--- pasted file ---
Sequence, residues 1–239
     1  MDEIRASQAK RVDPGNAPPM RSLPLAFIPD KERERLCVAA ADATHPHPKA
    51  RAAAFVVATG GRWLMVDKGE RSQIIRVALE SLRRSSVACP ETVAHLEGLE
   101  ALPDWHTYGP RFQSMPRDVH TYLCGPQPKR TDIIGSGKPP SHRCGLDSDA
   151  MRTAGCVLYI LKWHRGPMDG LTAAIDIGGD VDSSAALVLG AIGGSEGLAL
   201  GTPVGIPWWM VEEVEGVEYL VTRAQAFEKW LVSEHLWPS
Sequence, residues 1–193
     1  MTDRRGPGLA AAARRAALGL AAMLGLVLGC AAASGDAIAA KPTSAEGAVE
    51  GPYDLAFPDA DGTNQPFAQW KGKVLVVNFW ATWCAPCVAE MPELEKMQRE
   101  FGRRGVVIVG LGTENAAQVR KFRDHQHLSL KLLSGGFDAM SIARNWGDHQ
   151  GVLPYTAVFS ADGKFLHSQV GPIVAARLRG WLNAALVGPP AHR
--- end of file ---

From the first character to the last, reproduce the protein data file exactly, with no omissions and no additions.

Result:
Sequence, residues 1–239
     1  MDEIRASQAK RVDPGNAPPM RSLPLAFIPD KERERLCVAA ADATHPHPKA
    51  RAAAFVVATG GRWLMVDKGE RSQIIRVALE SLRRSSVACP ETVAHLEGLE
   101  ALPDWHTYGP RFQSMPRDVH TYLCGPQPKR TDIIGSGKPP SHRCGLDSDA
   151  MRTAGCVLYI LKWHRGPMDG LTAAIDIGGD VDSSAALVLG AIGGSEGLAL
   201  GTPVGIPWWM VEEVEGVEYL VTRAQAFEKW LVSEHLWPS
Sequence, residues 1–193
     1  MTDRRGPGLA AAARRAALGL AAMLGLVLGC AAASGDAIAA KPTSAEGAVE
    51  GPYDLAFPDA DGTNQPFAQW KGKVLVVNFW ATWCAPCVAE MPELEKMQRE
   101  FGRRGVVIVG LGTENAAQVR KFRDHQHLSL KLLSGGFDAM SIARNWGDHQ
   151  GVLPYTAVFS ADGKFLHSQV GPIVAARLRG WLNAALVGPP AHR